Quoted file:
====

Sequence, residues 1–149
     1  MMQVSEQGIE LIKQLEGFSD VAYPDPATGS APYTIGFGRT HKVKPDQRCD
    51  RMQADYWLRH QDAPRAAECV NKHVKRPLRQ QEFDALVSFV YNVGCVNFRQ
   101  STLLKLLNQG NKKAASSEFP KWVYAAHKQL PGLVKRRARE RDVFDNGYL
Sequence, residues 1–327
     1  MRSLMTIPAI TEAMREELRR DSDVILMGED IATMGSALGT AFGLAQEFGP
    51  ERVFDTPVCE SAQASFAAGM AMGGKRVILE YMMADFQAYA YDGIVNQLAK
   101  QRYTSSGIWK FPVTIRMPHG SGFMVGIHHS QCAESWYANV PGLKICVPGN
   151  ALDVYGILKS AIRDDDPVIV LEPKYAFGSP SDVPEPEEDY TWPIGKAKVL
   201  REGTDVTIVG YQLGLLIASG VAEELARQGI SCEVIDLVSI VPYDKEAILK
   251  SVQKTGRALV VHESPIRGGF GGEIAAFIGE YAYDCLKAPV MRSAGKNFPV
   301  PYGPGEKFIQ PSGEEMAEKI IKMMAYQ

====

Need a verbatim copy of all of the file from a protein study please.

Sequence, residues 1–149
     1  MMQVSEQGIE LIKQLEGFSD VAYPDPATGS APYTIGFGRT HKVKPDQRCD
    51  RMQADYWLRH QDAPRAAECV NKHVKRPLRQ QEFDALVSFV YNVGCVNFRQ
   101  STLLKLLNQG NKKAASSEFP KWVYAAHKQL PGLVKRRARE RDVFDNGYL
Sequence, residues 1–327
     1  MRSLMTIPAI TEAMREELRR DSDVILMGED IATMGSALGT AFGLAQEFGP
    51  ERVFDTPVCE SAQASFAAGM AMGGKRVILE YMMADFQAYA YDGIVNQLAK
   101  QRYTSSGIWK FPVTIRMPHG SGFMVGIHHS QCAESWYANV PGLKICVPGN
   151  ALDVYGILKS AIRDDDPVIV LEPKYAFGSP SDVPEPEEDY TWPIGKAKVL
   201  REGTDVTIVG YQLGLLIASG VAEELARQGI SCEVIDLVSI VPYDKEAILK
   251  SVQKTGRALV VHESPIRGGF GGEIAAFIGE YAYDCLKAPV MRSAGKNFPV
   301  PYGPGEKFIQ PSGEEMAEKI IKMMAYQ